Age of intolerance?

Exploring the medieval origins of modern racism

"In this and other tales from the period, the color of the sultan’s skin has a deeper meaning: His black skin is a metaphor for his non-Christian soul, according to Cord Whitaker, associate professor of English at Wellesley College, a [M]ember of the Institute for Advanced Study, and one of the founding members of the Princeton collaboration.

Whitaker explored the range of meanings of blackness in his book, Black Metaphors: How Modern Racism Emerged from Medieval Race-Thinking (University of Pennsylvania Press, 2019). Blackness could represent a sinful soul, but it could also represent holiness, as in the example of the black St. Maurice, patron saint of the Holy Roman Empire. Whitaker defines race-thinking as the ways in which medieval-era societies viewed differences between peoples.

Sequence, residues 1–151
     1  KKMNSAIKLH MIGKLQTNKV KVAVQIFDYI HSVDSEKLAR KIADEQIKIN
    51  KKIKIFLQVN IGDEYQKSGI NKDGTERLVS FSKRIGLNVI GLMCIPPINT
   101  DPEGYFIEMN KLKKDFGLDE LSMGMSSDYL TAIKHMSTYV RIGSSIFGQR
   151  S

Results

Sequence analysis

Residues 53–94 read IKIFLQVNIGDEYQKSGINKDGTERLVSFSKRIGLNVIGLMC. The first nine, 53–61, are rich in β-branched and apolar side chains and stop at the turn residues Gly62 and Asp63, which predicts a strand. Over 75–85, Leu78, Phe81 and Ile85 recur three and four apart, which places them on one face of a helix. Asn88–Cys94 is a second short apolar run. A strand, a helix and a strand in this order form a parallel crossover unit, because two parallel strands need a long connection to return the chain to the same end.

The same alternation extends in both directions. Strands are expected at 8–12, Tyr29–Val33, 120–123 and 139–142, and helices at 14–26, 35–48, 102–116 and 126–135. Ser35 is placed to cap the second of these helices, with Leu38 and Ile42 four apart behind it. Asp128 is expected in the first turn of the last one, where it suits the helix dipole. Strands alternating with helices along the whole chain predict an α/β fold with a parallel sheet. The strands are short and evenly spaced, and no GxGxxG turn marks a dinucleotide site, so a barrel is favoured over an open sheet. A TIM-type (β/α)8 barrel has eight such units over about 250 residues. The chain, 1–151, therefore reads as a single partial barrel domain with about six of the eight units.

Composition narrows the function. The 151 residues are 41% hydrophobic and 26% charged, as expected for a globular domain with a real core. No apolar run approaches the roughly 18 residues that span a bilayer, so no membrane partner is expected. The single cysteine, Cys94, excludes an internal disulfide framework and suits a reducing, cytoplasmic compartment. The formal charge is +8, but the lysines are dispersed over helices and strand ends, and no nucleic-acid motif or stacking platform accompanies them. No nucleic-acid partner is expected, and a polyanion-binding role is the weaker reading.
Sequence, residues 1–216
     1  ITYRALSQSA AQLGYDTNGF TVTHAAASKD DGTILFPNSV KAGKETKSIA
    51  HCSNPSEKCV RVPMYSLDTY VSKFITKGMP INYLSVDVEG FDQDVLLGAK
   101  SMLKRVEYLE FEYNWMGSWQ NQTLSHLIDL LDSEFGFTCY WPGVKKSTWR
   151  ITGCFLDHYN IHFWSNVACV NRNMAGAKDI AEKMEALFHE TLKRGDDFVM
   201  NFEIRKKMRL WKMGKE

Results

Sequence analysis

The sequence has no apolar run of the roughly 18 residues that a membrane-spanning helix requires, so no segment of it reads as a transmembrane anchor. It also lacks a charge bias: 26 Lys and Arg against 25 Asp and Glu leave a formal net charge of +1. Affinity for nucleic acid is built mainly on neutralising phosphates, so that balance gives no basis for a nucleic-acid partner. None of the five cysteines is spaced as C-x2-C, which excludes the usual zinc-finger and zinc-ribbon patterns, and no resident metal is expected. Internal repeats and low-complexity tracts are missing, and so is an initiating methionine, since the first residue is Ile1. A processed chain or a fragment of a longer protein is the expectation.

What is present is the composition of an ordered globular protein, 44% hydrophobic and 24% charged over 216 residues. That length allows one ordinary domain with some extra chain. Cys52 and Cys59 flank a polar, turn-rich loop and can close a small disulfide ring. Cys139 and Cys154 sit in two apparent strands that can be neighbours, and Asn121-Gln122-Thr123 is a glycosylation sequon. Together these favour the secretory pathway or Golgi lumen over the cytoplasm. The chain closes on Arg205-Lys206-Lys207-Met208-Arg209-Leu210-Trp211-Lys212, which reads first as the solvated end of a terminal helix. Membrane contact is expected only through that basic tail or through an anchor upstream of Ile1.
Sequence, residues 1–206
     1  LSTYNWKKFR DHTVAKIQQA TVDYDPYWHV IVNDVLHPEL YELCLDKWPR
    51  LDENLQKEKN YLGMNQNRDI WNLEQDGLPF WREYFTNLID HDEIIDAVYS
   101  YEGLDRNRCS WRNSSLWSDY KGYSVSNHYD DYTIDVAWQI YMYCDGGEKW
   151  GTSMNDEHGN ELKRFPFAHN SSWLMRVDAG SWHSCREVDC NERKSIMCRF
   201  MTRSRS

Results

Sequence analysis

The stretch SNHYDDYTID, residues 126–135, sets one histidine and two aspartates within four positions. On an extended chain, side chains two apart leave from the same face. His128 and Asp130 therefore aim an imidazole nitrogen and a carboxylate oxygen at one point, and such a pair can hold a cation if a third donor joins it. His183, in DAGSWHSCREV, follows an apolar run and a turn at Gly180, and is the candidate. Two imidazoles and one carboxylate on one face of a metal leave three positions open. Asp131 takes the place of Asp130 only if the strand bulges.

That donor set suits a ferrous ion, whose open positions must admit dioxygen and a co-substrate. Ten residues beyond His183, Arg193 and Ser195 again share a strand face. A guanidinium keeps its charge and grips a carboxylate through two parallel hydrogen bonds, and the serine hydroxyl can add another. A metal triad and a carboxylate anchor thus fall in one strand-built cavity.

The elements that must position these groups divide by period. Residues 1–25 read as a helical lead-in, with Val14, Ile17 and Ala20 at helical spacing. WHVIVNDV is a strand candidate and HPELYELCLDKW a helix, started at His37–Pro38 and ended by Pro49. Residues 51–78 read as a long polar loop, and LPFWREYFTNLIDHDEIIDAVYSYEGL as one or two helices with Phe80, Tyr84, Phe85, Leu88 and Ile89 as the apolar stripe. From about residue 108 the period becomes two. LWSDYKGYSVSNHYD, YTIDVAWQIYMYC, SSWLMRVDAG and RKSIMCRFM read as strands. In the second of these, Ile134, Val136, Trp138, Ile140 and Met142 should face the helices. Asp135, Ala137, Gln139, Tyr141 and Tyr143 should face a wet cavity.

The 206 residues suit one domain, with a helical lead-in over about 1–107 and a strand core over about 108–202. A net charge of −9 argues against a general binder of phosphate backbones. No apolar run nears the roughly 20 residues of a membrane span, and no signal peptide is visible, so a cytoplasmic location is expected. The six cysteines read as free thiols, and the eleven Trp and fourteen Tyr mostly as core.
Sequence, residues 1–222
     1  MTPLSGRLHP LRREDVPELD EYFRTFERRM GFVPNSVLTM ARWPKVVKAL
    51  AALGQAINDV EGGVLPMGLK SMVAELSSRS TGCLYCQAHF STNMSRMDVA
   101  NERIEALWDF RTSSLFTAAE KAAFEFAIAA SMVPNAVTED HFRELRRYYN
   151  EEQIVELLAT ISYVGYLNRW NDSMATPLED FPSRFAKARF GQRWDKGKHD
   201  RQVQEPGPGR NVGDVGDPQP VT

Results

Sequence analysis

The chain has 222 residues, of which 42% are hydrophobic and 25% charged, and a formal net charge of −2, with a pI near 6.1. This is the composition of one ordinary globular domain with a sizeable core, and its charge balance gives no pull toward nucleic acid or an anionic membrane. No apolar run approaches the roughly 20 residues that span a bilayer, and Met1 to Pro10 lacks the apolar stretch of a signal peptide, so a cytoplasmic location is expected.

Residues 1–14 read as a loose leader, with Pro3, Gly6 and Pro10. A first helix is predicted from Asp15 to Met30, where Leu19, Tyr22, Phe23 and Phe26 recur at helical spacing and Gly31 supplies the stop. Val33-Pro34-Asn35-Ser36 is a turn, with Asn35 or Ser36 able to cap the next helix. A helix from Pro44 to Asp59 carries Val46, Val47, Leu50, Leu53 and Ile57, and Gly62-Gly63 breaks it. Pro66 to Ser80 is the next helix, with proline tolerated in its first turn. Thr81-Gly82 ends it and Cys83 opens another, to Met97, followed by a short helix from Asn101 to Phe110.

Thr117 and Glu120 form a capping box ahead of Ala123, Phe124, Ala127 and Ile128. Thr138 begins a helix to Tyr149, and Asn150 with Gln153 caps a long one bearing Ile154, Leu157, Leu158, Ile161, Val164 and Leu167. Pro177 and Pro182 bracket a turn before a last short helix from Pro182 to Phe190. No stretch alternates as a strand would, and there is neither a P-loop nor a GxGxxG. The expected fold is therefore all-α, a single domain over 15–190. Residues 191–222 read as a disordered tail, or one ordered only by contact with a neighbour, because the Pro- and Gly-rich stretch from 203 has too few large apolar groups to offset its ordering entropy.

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It was common to believe that environment determined one’s physical appearance and mental and physical abilities, said Suzanne Conklin Akbari, professor of medieval studies at the Institute for Advanced Study. Just as certain types of plants grow in specific geographic regions, the theory went, human attributes developed depending on one’s climate."

Read more at Discovery.